1

censure

play
noun cen·sure \ˈsen(t)-shər\

Definition of censure

  1. 1 :  a judgment involving condemnation <unorthodox practices awaiting the censure of the city council>

  2. 2 archaic :  opinion, judgment

  3. 3 :  the act of blaming or condemning sternly <The country faces international censure for its alleged involvement in the assassination.>

  4. 4 :  an official reprimand <The lawyer's misconduct resulted in a letter of censure from the judge.>

Examples of censure in a sentence

  1. The country faces international censure for its alleged involvement in the assassination.

  2. <a rare censure of a senator by the full United States Senate for misconduct>

Origin and Etymology of censure

Latin censura, from censēre —see 1censor


First Known Use: 14th century


2

censure

verb cen·sure

Definition of censure

censured

;

censuring

play \ˈsen(t)-sh(ə-)riŋ\
  1. transitive verb
  2. 1 obsolete :  estimate, judge

  3. 2 :  to find fault with and criticize as blameworthy <He was censured by the committee for his failure to report the problem.>

censurer

play \ˈsen(t)-shər-ər\ noun

Examples of censure in a sentence

  1. He was censured by the committee for his failure to report the problem.

  2. <a vote to censure the President for conduct that was unbecoming to his office>

Did You Know?

Censure and its synonyms criticize, reprehend, condemn, and denounce all essentially mean "to find fault with openly." Additionally, censure carries a strong suggestion of authority and often refers to an official action. Criticize implies finding fault with someone’s methods, policies, or intentions, as in "the commentator criticized the manager’s bullpen strategy." Reprehend implies sharp criticism or disapproval, as in "a teacher who reprehends poor grammar." Condemn usually suggests a final unfavorable judgment, as in "the group condemned the court’s decision to execute the criminal." Denounce adds to condemn the implication of a public declaration, as in "her letter to the editor denounced the corrupt actions of the mayor’s office."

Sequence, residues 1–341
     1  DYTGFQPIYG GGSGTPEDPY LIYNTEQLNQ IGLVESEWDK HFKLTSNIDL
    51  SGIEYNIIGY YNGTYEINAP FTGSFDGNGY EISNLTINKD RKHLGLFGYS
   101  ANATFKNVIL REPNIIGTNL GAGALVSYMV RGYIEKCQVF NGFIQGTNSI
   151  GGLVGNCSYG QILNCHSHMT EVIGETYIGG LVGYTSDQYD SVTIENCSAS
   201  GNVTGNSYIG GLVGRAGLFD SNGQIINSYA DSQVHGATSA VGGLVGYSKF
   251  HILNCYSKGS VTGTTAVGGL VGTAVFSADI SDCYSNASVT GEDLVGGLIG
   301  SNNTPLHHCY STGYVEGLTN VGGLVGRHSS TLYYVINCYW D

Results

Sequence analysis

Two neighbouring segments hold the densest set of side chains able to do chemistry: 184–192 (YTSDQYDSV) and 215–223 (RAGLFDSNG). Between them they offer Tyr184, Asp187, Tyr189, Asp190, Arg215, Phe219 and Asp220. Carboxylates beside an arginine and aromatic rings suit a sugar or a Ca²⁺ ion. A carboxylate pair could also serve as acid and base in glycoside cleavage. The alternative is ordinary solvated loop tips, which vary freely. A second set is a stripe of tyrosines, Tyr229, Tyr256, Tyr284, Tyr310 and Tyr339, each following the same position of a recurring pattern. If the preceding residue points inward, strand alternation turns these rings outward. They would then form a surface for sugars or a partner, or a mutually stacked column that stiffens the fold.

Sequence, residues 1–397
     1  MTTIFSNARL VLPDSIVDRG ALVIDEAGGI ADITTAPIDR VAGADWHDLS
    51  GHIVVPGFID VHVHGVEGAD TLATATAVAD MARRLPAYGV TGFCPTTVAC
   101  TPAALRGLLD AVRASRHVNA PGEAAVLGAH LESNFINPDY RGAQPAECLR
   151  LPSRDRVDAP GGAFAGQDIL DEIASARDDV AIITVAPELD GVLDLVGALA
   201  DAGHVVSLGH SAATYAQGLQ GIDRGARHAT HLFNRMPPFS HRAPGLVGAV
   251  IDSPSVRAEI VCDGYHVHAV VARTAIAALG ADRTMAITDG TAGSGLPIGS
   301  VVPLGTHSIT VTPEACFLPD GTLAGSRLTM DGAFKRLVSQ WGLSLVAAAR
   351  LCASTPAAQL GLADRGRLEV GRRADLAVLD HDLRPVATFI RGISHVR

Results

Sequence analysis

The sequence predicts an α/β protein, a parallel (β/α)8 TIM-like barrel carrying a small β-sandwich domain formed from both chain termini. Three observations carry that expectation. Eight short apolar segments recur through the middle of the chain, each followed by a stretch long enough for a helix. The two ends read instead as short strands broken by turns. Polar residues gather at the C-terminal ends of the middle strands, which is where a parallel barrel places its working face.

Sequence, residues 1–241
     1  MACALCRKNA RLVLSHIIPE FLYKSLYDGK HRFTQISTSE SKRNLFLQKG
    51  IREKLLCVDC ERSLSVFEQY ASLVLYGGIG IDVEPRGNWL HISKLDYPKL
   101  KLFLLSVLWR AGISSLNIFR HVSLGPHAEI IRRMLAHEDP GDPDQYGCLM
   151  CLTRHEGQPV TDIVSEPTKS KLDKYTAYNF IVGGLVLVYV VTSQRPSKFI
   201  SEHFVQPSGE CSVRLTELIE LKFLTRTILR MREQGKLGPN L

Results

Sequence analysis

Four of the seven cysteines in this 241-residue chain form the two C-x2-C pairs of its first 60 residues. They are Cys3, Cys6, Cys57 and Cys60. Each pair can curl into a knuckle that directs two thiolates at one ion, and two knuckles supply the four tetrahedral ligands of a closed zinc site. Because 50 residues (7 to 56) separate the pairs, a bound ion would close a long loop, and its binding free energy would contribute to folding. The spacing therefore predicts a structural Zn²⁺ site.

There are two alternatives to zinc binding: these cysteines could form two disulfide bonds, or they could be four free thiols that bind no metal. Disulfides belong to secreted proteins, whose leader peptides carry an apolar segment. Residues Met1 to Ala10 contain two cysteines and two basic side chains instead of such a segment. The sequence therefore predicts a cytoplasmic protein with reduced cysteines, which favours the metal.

Origin and Etymology of censure

see 1censure


First Known Use: 1587

Synonym Discussion of censure

criticize, reprehend, censure, reprobate, condemn, denounce mean to find fault with openly. criticize implies finding fault especially with methods or policies or intentions <criticized the police for using violence>. reprehend implies both criticism and severe rebuking <reprehends the self-centeredness of today's students>. censure carries a strong suggestion of authority and of reprimanding <a Senator formally censured by his peers>. reprobate implies strong disapproval or firm refusal to sanction <reprobated his son's unconventional lifestyle>. condemn usually suggests an unqualified and final unfavorable judgment <condemned the government's racial policies>. denounce adds to condemn the implication of a public declaration <a pastoral letter denouncing abortion>.

CENSURE Defined for English Language Learners

1

censure

play
noun cen·sure \ˈsen(t)-shər\

Definition of censure for English Language Learners

  • : official strong criticism


2

censure

verb cen·sure

Definition of censure for English Language Learners

  • : to officially criticize (someone or something) strongly and publicly


CENSURE Defined for Kids

1

censure

play
noun cen·sure \ˈsen-shər\

Definition of censure for Students

  1. 1 :  the act of finding fault with or blaming

  2. 2 :  an official criticism


2

censure

play
verb cen·sure

Definition of censure for Students

censured

censuring

  1. :  to find fault with especially publicly


Law Dictionary

censure

play
noun cen·sure \ˈsen-chər\

Legal Definition of censure

  1. :  an expression of official disapproval <a House resolution approving a censure of the representative>

censure

transitive verb


Seen and Heard

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